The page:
The first step was getting all the old paint off.  We decided instead of scraping the siding, we’d power wash anything that was loose off, then use a bonding primer that would essentially glue all the remaining layers of paint to the cement board.  This saved us a good bit of work, and since we don’t know what the makeup of our siding is (some cementboard has asbestos, & we’re pretty sure ours is in that group based on the age), we wouldn’t risk inhaling asbestos as we scraped and sanded. Pressure washing took us an entire day (and it was soooo cold…it was mid-August, but the day we rented the equipment dawned windy and 55 degrees…and it didn’t get much warmer).  We survived, though, and got a ton of loose paint off the house.

John up on the ladder on a cold, cold, August day.

Our next step was the primer.  We decided to prime everything: siding, trim, gutters, soffit, flashing, you name it.  We were lucky enough to have a variety of ladders and a few friends to help, but we had to use brushes and rollers because our paint sprayer wouldn’t handle the bonding primer (seriously, that stuff was the consistency of instant pudding–soooo thick and gloopy).  So it took a while (a 3-day weekend) to get all the primer applied. We were really fastidious about getting it anywhere we’d had issues with peeling paint, less so everywhere else.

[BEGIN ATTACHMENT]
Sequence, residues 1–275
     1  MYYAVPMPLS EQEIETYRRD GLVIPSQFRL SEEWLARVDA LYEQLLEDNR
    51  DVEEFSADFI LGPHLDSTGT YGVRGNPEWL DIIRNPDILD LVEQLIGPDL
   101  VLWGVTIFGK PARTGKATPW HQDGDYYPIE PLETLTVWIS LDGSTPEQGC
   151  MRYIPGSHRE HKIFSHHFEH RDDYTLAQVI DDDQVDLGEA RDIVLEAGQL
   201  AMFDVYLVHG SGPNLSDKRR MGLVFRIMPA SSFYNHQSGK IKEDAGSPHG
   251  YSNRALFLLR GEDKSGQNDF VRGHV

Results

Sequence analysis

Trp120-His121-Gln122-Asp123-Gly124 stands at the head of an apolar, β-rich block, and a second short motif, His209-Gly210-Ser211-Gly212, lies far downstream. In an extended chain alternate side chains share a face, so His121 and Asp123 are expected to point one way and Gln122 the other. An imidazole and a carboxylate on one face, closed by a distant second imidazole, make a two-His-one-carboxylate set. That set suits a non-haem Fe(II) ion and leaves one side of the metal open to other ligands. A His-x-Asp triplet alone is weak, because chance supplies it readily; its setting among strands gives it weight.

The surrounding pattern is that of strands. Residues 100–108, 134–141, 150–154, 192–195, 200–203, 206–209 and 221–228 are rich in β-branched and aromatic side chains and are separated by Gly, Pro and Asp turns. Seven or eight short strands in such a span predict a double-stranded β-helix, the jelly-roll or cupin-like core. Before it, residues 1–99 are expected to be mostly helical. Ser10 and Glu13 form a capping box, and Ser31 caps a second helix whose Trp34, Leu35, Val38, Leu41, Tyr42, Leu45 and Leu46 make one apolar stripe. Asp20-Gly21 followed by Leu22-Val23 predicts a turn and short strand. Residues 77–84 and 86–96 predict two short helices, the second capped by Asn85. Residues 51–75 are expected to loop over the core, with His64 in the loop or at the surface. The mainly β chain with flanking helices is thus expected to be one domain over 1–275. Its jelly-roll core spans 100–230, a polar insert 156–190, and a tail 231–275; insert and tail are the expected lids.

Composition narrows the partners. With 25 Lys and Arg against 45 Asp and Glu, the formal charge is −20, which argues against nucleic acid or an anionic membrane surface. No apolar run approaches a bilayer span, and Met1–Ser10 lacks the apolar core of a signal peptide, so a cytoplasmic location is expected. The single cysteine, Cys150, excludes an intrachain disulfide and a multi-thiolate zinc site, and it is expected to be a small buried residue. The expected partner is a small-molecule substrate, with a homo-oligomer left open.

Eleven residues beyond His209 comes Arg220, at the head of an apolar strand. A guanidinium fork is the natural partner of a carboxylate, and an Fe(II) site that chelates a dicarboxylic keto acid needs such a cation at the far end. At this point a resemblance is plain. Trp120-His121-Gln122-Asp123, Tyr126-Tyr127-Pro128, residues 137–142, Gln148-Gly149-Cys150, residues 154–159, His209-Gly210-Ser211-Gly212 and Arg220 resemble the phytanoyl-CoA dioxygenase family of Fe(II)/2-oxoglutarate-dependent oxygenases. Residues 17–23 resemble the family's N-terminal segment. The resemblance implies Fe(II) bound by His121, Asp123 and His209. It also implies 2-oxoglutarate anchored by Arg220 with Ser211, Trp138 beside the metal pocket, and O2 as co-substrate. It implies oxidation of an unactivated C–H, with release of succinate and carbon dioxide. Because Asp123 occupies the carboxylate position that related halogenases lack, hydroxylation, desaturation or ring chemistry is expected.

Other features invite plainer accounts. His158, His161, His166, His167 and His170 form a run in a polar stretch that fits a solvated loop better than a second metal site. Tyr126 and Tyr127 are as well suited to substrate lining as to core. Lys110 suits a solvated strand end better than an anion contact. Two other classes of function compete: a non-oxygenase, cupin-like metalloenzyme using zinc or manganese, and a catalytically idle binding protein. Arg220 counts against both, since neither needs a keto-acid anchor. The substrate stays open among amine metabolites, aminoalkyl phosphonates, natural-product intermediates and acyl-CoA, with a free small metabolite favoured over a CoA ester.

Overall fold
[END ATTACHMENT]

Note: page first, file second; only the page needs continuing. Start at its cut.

Priming!

And of course, in the process, we uncovered a few minor repairs that needed doing while we were at it.  Chiefly, the windows on our house, which appear to have been trimmed with a series of poor decisions.  Instead of brickmould and drip guards, the upper casings were just 1×4 boards nailed up to cover where the window guts/siding meet.  We didn’t like the look of that when we bought the place, so we knew we wanted to replace them with some proper trim at some point.  However, some point became NOW since the windows were also installed without any dripsills, so the 1x4s turned out to be quite rotten from water running down the siding and behind the “trim” boards (which we discovered by looking down at the window tops as we were up on the ladders powerwashing…it made me so cranky!).

Something’s rotten in the state of Minnesota.